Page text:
“Vonne is like many people in these situations, who sound like a conspiracy theorist at first, and maybe she is a little bit, but the stories are just that bad,” said St. Louis Post-Dispatch columnist Tony Messenger, who won a Pulitzer Prize for a series that included a piece on the St. Francois County justice system. “She has the whole weight of the town on her at times.” Karraker kept paper and pen in hand, in case someone buttonholed her with some local government woe. “People would come in, tell me outrageous shit, and I would either prove or disprove,” she said. “If I could prove it, I’d write about it on Facebook.” At one public meeting, as she demanded public records and questioned conflicts of interest, a commissioner threatened to have her escorted out and summoned two deputies.
By the time Joe Braun approached her about his stepson’s death, she was exhausted and ready to step back, but she’d been hearing for years about the jail. She’d met Natalie DePriest, a local activist who had gained national attention after she and her brother were sentenced to 15 years in prison for growing marijuana plants in their home. DePriest told Karraker that when they first went to the jail, in 2011, she demanded a lawyer and said to a jailer, “I have constitutional rights, you’re not my king,” and then he wrapped his arm around her neck and struck her as he dragged her toward a cell, where a second officer pepper-sprayed her. Her brother, David DePriest, saw all of this while waiting in the booking area. “For hours, I had to sit and listen to my sister scream, asking for a nurse, for clothes, since hers were soaked in mace,” he told me. In a use of force report, officers wrote that DePriest “stepped in an aggressive manner” and moved her hands towards one of their faces, but was “contained with no injury to staff or inmate.” DePriest had photos of bruises, taken several days later.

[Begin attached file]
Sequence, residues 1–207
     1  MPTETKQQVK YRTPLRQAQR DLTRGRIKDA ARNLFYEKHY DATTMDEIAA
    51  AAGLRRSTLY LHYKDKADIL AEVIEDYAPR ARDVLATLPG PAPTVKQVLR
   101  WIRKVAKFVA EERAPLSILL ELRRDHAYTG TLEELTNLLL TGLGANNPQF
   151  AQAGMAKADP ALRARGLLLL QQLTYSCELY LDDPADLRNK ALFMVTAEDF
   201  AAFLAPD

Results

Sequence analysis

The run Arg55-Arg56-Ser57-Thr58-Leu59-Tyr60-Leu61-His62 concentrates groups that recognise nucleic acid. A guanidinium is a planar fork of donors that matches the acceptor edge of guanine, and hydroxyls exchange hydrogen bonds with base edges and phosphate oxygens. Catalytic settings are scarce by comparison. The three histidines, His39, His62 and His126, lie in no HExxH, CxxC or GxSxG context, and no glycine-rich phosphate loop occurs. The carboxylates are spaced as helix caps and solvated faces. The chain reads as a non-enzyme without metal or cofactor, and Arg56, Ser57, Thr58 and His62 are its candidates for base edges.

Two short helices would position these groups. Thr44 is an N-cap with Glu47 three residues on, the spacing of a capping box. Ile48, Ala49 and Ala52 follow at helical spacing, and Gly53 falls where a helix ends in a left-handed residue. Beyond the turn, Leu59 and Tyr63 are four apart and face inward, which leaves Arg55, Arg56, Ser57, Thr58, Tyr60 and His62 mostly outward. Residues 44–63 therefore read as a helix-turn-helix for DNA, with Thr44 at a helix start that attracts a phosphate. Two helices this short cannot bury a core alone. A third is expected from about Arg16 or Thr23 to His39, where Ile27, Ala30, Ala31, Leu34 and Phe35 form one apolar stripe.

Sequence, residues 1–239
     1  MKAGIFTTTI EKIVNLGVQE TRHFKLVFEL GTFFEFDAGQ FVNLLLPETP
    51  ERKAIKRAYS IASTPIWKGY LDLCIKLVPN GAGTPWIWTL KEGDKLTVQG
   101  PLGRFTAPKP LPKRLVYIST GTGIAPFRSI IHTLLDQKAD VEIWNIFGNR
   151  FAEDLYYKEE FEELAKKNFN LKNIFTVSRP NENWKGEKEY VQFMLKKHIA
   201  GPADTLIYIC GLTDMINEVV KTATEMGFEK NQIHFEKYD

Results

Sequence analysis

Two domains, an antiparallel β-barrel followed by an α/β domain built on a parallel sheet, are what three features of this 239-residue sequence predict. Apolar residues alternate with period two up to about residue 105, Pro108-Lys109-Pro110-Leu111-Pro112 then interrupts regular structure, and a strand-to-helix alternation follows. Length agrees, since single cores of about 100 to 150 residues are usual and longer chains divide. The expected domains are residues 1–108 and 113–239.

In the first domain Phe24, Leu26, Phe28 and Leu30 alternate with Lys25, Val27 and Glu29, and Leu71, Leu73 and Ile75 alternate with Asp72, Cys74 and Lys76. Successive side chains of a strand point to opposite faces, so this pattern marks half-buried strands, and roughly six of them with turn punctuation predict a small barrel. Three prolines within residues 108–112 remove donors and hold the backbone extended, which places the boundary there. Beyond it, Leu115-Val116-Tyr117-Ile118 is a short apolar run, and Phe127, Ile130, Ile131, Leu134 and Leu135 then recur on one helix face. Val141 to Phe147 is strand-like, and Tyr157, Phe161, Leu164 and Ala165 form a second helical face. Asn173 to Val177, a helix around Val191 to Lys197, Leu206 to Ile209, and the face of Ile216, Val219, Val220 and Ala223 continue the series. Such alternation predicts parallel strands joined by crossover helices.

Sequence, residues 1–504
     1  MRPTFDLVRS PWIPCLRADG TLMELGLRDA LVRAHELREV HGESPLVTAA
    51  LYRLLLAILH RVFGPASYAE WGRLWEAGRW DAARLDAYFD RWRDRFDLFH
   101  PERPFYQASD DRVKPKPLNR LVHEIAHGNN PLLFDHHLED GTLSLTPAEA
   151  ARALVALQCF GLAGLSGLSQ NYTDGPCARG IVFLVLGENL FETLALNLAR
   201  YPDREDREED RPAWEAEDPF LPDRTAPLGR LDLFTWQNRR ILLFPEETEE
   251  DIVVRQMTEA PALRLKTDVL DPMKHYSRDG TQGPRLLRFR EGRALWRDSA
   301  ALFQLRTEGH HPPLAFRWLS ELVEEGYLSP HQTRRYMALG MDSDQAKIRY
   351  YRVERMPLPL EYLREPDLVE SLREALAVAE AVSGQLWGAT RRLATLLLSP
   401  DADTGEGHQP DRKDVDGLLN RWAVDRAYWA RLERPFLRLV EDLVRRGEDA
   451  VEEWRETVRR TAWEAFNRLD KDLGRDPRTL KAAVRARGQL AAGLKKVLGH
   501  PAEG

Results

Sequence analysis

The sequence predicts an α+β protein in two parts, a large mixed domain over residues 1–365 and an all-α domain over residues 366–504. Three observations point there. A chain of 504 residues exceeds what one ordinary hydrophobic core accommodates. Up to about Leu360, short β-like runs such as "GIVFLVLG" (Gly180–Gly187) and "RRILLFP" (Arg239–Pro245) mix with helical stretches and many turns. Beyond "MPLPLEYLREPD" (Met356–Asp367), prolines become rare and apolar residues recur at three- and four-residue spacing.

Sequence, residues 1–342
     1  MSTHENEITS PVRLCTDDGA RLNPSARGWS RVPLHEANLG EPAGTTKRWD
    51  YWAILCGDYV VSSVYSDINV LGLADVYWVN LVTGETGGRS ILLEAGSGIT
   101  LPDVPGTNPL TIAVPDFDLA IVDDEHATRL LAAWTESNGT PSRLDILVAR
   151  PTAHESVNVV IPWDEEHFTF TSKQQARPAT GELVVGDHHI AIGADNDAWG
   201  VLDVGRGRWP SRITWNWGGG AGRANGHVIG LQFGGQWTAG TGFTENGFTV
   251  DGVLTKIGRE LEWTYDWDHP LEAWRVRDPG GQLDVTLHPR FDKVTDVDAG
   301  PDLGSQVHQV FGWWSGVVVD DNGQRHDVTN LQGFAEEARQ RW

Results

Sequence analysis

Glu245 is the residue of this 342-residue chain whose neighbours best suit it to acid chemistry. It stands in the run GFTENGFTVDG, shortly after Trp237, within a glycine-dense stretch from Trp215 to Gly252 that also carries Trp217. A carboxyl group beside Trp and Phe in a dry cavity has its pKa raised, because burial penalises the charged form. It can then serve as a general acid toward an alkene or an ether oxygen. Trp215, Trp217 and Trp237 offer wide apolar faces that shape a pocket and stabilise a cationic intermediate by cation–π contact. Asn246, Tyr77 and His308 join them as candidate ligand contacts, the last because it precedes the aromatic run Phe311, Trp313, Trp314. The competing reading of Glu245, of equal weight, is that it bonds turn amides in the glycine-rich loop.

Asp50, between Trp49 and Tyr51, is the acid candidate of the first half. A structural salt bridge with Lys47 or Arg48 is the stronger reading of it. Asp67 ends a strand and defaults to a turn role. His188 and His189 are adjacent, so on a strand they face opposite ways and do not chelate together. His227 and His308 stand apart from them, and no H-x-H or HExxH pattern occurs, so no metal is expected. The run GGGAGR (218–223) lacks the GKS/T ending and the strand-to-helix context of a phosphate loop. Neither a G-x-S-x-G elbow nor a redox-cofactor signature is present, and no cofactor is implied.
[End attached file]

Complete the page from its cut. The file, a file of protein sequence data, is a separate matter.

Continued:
Karraker interviewed inmates who had heard Billy Ames’s screams and filed a wrongful death lawsuit in February 2019. Once the lawsuit got media coverage, posts to the local Facebook groups swelled with stories about the jail. A resident showed me a meme calling the jail “Missouri’s New Death Row.” Karraker was contacted by family members and friends of two people who had died by suicide in the jail within a few months of Ames’s death. One was Michael Bennett, who repeatedly told officers that he was suicidal and yet was placed in a cell with few precautions.
Sheriff Bullock had requested state investigations after the deaths of Ames and Bennett, as well as, years earlier, after deputies were accused of sexually assaulting detainees. (One deputy committed suicide in 2013 while facing indictment for a sexual assault.) But the sheriff didn’t always ask for them. Karraker also met Jeffrey Tupper, a former state employee whose wife Tabitha had died inside the jail in October 2017, after being arrested for violating her probation, which stemmed from her opioid addiction. During visits, Tupper had noticed she was losing weight and looked unwashed. “I took our kids to visit her and she was in a torn-up gown,” he said. “She had to hold it together.” She complained of headaches, and her autopsy cited a brain abscess, but because her husband never received word of an investigation, her death remained shrouded in mystery, and Karraker would have to start from scratch.
Karraker was contacted by at least four current and former sheriff’s deputies. One told her that Dennis Smith “overrules and covers up everything” and “is pretty vindictive.” (Another told me Smith, a liberal Democrat, had tried to improve the jail when he was hired in 2003, but “gave in to peer pressure” after deputies called him “hug-a-thug.”) Karraker had once been friends with Smith, attending parties at his house and even taking a tour of the jail with him years earlier. “Just because someone is nice to you, doesn’t mean they are a good person,” she said.
In her email inbox, Karraker received pictures of a young man’s stomach and hip, covered in a massive infection. He had told his family it came from a spider bite in the jail. At one point, hearing a vivid description of a sexual assault inside the jail, Karraker said she vomited. “If I slow down to think of the sheer magnitude of the evil that resides here I cower at home under the covers, exhausted and weepy and thoroughly overwhelmed,” she wrote to me in an email. “That's happened a few times, and [my husband] has dragged me back into the light.”